James McClelland > Chambers of Mark Howard QC and Helen Davies QC > London, England > Lawyer Profile

Chambers of Mark Howard QC and Helen Davies QC
Brick Court Chambers

Work Department

Member of Chambers


James has a wide-ranging practice in commercial litigation and arbitration, public law (including all forms of judicial review and statutory challenge), and the regulation of legal and financial services. He has appeared in a number of the most significant reported cases in each of these areas in recent years.

James has been profiled by Legal Week as one of its Stars at the Bar and nominated for both commercial litigation and banking and finance junior of the year at the Chambers UK Bar Awards. He has been named as “one of the leading senior juniors in commercial litigation” (Legal 500) and “a rising star of the Commercial Bar” (Chambers and Partners). James’ public law practice is of equal depth.

He is one of the Attorney General’s A Panel Counsel, in which capacity he is appointed to conduct the most complex trial and appellate advocacy for central government in all aspects of public law. James was previously a tutor and then college lecturer in public law at Oxford University and in 2019 was named by Finance Monthly as its UK public law lawyer of the year.


Called 2004, Lincoln’s Inn.

Appointed to Attorney General’s A Panel (2018), previously on the B Panel (2012-2017) and C Panel (2009-2012).




Peterhouse, Cambridge University (MA, Double First, comprising top Starred First in the University); Merton College, Oxford University (BCL, Distinction); City University (GDL, Distinction); ICSL (BVC, Outstanding). Speaks French.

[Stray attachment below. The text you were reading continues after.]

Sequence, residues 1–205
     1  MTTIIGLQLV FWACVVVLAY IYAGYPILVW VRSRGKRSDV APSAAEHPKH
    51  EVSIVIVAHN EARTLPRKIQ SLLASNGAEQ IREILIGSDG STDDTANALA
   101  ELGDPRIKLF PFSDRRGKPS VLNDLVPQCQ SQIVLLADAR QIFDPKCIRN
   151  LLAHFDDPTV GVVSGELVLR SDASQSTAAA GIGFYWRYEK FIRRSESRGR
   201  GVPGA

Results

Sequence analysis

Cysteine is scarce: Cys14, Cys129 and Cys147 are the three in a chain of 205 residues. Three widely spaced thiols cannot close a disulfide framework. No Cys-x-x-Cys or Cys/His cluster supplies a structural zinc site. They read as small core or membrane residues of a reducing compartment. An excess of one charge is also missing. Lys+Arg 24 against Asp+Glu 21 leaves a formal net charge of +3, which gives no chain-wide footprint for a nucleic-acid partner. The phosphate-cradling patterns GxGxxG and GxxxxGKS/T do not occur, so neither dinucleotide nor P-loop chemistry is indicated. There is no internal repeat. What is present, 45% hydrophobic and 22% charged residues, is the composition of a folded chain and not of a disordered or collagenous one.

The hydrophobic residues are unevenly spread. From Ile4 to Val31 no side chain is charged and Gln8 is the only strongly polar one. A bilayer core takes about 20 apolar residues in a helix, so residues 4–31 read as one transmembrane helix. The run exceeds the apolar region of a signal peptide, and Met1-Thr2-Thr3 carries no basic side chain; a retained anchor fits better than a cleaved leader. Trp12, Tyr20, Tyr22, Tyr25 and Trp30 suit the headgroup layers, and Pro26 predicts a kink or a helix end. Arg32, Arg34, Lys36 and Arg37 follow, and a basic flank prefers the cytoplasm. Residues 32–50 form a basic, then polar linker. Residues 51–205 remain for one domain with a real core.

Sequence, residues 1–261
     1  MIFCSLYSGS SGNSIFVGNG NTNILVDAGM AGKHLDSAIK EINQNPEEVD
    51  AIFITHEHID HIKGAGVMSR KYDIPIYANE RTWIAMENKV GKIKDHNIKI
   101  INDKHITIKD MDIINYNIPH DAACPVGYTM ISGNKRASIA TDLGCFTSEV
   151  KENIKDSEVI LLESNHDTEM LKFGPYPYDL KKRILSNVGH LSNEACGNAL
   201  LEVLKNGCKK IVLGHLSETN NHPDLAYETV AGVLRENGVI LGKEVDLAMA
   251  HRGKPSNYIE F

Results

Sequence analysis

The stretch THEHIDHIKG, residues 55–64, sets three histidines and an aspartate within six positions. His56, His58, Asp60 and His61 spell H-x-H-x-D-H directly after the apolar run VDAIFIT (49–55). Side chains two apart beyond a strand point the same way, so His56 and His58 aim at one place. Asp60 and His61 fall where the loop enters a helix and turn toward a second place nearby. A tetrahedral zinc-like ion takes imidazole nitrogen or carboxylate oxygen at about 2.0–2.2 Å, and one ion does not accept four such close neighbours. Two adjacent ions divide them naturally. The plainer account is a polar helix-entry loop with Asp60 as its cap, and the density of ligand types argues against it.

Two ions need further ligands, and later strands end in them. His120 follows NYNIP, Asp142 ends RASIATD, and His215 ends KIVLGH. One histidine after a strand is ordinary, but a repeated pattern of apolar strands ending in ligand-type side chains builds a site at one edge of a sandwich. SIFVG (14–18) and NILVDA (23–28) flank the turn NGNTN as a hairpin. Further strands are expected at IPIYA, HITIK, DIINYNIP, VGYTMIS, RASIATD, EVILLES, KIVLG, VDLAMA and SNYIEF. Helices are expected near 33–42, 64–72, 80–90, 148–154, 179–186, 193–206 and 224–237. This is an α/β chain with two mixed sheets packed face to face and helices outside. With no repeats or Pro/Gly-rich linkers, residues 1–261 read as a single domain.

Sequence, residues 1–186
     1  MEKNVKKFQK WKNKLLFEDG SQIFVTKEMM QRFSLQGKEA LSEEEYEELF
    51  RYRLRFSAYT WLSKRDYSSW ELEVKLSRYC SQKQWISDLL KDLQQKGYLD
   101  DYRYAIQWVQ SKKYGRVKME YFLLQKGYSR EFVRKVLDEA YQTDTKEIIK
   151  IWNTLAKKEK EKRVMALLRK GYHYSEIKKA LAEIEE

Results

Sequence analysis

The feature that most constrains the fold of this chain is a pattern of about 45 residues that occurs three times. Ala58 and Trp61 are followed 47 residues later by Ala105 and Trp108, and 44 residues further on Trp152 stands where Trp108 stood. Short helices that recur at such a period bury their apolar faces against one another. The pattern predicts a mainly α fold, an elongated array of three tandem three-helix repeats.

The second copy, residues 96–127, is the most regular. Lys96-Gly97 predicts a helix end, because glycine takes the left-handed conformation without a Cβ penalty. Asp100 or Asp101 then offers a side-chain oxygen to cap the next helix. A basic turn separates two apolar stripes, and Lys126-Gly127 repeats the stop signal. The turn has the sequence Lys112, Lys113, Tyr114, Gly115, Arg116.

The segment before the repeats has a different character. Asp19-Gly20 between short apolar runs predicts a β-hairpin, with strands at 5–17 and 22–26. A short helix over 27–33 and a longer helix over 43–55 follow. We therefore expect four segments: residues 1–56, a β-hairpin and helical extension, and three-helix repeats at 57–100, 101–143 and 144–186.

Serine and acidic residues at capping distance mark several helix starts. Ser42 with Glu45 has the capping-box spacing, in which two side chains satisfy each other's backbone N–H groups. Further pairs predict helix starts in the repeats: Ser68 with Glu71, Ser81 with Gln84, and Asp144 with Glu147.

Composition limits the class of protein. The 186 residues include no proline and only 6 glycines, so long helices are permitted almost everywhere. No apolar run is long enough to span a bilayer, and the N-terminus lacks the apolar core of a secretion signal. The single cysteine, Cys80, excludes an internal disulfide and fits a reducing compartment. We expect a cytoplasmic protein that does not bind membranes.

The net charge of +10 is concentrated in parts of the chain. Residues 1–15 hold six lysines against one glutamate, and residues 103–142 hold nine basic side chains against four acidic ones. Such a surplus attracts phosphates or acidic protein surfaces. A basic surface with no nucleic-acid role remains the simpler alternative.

Lawyer Rankings

London Bar > Administrative and public law (including elections)

(2021 Silks) Ranked: Tier

James McClelland QCBrick Court ChambersThe complete package – an exceptionally gifted junior.

A set ‘really building a reputation for taking on complex, high-profile administrative/public law challenge‘, Brick Court Chambers‘ members are active across public law, both in the commercial space as well as for respected NGOs and individual claimants. Paul Bowen QC represented the anonymised claimant, a disabled boy who was subjected to sexual abuse in a care home, in R (AB) v CC of Hampshire concerning the force’s failure to provide him with a registered witness intermediary while reporting abuse to the police. Crossing over with her sanctions expertise, Maya Lester QC represented a number of Tamil activists in a challenge to the continued proscription of the Liberation Tigers of Tamil Eelam, better known as the Tamil Tigers. The set’s members continue to act for various government bodies; Marie Demetriou QC and Tim Johnston continue to represent Transport for London in litigation concerning Uber’s licence to operate in London, while James McClelland, who joined from Fountain Court Chambers, acting for Uber in the same matter.

London Bar > Commercial litigation

(2021 Silks) Ranked: Tier